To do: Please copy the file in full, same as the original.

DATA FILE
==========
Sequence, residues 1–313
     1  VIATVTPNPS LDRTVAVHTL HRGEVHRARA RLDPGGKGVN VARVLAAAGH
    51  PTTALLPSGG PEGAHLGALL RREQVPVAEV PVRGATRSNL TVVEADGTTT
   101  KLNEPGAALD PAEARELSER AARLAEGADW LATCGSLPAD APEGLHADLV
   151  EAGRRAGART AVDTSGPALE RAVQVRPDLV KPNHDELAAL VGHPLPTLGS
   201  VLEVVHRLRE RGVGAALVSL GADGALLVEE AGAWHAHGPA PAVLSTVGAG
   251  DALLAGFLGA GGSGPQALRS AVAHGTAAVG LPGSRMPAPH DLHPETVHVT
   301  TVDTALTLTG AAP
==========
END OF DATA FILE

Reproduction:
Sequence, residues 1–313
     1  VIATVTPNPS LDRTVAVHTL HRGEVHRARA RLDPGGKGVN VARVLAAAGH
    51  PTTALLPSGG PEGAHLGALL RREQVPVAEV PVRGATRSNL TVVEADGTTT
   101  KLNEPGAALD PAEARELSER AARLAEGADW LATCGSLPAD APEGLHADLV
   151  EAGRRAGART AVDTSGPALE RAVQVRPDLV KPNHDELAAL VGHPLPTLGS
   201  VLEVVHRLRE RGVGAALVSL GADGALLVEE AGAWHAHGPA PAVLSTVGAG
   251  DALLAGFLGA GGSGPQALRS AVAHGTAAVG LPGSRMPAPH DLHPETVHVT
   301  TVDTALTLTG AAP